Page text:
“Storytelling, then, is born from our need to order everything outside ourselves.” – John Yorke, Into the Woods
In his excellent book Into the Woods, John Yorke talks about how other cultural forms, from philosophical texts to jazz records, are like stories. They all try to provide order in a seemingly chaotic world, something that humans instinctively do. It’s a way of giving life meaning and asserting some control.
Books about story structure follow this same pattern. They’re attempts to assert order out of the apparent chaos of words and imagination. Yorke’s own book fits the pattern he’s describing.
Good or bad, right or wrong, writing guides help us to assert order over writing. In doing so, they make us feel good, which perhaps explains why so many writing guides, of such variable quality, go soaring off the shelves.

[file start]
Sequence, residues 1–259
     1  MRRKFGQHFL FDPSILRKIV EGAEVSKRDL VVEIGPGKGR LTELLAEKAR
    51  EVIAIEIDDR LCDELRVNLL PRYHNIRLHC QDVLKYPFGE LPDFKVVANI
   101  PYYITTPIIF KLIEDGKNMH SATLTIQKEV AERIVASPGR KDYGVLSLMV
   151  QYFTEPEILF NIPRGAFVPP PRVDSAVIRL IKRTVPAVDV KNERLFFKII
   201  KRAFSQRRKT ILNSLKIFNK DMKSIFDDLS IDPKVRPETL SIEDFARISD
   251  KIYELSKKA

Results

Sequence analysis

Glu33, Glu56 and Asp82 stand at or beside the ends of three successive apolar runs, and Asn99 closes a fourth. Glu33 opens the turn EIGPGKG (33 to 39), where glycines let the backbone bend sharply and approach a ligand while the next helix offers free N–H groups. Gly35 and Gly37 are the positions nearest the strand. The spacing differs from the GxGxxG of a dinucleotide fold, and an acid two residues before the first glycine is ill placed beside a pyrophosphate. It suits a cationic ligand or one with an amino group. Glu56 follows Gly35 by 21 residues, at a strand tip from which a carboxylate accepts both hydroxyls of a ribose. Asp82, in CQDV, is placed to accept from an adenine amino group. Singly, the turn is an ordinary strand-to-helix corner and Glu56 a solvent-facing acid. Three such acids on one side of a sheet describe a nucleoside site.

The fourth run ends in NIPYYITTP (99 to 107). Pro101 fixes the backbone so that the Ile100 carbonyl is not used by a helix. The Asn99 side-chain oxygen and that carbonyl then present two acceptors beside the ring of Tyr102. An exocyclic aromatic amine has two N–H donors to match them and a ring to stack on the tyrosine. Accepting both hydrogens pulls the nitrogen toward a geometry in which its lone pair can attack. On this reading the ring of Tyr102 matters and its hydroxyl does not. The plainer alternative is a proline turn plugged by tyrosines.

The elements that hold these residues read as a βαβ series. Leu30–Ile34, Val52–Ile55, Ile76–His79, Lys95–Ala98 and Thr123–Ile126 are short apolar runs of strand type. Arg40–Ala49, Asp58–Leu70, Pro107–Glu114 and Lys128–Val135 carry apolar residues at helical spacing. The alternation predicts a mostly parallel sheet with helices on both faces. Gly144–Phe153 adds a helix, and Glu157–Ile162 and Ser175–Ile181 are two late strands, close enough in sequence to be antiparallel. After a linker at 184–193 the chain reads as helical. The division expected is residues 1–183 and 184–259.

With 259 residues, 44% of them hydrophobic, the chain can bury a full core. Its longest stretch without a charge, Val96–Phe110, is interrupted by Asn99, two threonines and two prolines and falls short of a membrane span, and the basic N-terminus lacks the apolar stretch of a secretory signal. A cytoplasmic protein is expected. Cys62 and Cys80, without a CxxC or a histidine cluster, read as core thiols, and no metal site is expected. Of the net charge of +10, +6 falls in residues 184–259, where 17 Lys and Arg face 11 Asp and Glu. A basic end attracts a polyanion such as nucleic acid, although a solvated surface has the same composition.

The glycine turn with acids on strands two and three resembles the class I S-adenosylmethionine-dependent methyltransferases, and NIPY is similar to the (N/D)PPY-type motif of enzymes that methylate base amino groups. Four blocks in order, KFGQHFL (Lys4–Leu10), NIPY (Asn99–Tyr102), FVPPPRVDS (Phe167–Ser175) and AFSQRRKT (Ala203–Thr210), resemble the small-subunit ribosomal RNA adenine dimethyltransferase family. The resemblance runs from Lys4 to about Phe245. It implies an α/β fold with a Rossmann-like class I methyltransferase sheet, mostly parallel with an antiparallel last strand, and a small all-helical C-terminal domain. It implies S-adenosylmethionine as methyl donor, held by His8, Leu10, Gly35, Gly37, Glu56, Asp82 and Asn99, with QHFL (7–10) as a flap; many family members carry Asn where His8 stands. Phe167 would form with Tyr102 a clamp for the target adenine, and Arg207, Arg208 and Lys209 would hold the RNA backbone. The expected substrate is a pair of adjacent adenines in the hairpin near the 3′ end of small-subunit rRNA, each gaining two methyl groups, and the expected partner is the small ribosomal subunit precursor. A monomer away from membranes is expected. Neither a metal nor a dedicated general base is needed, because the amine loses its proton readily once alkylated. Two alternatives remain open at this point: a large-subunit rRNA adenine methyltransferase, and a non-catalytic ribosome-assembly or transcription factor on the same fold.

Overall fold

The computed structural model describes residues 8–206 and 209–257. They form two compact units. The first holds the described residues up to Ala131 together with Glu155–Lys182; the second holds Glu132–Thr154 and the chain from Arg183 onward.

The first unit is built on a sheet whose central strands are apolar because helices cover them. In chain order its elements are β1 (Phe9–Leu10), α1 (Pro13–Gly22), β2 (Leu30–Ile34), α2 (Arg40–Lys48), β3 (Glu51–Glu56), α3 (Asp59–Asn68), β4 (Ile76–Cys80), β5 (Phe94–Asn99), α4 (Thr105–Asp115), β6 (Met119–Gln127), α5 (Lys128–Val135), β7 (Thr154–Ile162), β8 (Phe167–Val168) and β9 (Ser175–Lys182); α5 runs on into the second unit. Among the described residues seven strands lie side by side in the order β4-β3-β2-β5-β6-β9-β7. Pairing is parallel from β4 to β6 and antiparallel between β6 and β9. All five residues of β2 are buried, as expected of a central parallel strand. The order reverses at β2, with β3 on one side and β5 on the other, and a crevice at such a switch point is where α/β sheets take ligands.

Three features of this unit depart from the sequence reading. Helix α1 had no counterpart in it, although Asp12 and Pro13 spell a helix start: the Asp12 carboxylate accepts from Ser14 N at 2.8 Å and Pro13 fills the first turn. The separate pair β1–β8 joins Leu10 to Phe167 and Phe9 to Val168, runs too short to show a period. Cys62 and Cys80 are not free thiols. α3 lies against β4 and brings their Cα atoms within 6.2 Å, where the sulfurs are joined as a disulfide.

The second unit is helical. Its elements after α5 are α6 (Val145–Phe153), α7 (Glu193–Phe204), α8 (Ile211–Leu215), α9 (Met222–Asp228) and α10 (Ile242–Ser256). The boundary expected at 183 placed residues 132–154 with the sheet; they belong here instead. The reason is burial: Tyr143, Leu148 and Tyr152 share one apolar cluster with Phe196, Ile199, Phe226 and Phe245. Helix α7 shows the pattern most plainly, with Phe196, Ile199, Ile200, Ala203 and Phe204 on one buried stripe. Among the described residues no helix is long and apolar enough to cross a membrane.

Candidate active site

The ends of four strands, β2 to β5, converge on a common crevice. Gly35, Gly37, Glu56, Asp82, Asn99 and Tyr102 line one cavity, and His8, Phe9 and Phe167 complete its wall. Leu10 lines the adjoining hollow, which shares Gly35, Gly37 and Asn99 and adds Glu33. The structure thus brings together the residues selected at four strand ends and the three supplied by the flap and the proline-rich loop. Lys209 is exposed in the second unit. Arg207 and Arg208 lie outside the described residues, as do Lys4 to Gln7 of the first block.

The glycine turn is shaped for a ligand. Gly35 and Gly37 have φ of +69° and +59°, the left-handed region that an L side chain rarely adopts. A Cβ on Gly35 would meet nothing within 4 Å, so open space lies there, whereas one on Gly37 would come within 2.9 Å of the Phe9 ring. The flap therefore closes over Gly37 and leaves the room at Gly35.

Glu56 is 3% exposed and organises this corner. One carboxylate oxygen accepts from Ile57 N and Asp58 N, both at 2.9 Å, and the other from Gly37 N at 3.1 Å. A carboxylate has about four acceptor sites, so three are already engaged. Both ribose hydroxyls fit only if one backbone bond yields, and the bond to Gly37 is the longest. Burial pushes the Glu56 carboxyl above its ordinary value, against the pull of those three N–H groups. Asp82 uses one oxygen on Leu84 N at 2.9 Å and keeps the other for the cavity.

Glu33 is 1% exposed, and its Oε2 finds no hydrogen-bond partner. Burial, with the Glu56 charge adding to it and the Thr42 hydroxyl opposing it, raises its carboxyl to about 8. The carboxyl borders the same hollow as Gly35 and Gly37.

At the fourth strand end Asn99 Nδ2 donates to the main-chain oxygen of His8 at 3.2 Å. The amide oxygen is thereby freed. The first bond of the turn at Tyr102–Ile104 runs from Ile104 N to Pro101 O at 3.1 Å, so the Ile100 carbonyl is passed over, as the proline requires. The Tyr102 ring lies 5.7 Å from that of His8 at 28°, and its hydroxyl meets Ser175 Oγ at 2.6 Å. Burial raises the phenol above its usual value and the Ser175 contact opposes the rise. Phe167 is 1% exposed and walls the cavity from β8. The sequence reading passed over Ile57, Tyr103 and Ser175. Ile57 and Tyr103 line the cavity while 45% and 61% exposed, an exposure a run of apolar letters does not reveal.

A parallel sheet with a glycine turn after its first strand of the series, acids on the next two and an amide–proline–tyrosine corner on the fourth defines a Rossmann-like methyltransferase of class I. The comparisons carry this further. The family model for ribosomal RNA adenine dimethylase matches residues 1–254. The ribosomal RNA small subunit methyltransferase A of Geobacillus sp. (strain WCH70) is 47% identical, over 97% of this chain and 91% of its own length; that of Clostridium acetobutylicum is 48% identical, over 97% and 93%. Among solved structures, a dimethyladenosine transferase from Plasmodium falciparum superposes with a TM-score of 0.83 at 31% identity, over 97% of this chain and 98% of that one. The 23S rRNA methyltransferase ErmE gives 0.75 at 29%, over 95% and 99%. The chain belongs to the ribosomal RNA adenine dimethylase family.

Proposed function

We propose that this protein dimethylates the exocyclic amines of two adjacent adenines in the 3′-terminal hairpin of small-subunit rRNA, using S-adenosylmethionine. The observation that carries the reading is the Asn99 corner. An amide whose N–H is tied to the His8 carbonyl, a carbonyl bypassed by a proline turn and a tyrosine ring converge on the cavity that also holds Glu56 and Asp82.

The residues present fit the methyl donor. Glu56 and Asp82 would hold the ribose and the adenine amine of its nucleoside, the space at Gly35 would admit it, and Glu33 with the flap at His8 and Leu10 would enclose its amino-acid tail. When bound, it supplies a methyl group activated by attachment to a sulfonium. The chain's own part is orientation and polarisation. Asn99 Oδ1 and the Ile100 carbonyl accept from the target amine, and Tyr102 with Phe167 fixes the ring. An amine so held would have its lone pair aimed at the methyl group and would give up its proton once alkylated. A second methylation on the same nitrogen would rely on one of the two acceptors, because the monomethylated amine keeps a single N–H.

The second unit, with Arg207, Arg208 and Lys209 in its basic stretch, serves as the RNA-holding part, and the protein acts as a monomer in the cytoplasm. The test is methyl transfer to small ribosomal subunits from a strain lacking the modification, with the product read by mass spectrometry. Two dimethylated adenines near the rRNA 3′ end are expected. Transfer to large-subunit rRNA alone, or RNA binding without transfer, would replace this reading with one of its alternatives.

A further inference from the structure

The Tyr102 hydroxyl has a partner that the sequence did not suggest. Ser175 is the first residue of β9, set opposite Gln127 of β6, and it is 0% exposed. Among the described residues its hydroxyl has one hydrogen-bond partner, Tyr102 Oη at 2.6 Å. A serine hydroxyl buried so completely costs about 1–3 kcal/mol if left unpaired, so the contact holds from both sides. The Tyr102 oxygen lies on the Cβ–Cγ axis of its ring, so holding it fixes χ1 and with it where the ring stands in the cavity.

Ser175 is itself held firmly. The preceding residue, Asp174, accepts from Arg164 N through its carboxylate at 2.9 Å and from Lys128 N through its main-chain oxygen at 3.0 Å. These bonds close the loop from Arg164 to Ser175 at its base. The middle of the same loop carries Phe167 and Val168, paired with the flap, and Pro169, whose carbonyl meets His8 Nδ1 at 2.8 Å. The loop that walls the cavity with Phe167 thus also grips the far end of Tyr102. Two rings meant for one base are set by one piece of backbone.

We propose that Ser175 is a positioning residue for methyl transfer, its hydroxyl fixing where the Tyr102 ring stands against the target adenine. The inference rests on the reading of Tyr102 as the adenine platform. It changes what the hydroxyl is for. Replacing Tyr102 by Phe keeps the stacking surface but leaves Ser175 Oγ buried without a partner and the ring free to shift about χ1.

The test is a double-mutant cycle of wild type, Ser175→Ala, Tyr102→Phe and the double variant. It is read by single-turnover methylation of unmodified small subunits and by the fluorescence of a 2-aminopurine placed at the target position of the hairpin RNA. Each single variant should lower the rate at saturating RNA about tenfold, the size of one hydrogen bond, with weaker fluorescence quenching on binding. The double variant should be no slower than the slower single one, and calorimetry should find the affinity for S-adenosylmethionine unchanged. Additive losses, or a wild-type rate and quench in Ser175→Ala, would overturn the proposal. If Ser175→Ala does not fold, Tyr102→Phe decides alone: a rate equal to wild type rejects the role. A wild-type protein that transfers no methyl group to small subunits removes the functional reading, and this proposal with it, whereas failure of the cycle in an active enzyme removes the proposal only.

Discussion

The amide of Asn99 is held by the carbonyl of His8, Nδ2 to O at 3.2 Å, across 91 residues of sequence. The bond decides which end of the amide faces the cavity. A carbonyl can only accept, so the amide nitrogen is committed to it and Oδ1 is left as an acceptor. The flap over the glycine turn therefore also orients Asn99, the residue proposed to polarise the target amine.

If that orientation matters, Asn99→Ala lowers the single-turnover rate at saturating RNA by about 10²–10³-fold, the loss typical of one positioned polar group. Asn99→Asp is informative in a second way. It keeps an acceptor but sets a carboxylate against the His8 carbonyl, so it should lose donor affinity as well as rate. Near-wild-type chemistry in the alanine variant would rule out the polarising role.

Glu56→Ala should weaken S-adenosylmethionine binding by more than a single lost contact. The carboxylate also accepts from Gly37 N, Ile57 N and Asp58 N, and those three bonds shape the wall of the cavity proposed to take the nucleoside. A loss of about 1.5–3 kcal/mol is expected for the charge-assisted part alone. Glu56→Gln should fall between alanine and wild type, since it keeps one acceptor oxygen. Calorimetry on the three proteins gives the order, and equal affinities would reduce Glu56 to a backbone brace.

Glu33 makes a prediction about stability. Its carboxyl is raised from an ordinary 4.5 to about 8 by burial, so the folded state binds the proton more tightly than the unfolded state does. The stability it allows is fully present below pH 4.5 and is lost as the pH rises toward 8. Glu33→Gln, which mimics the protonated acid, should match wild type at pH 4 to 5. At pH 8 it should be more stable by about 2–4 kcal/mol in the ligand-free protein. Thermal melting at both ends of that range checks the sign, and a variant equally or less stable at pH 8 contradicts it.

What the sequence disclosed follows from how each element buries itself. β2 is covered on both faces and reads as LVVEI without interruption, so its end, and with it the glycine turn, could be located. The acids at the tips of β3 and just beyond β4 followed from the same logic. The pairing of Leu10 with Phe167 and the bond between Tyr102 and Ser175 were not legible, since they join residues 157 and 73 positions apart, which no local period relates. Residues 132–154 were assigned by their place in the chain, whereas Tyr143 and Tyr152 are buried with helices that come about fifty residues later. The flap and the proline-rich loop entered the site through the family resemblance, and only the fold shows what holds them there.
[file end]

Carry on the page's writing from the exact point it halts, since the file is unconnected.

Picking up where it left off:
These structures can be useful as well as satisfying if they give us enough feeling of control to grapple with the task of writing. And as Yorke shows, beneath their novelties, many of them follow the same underlying patterns.
At the end of the day, these too are stories – stories about how stories work.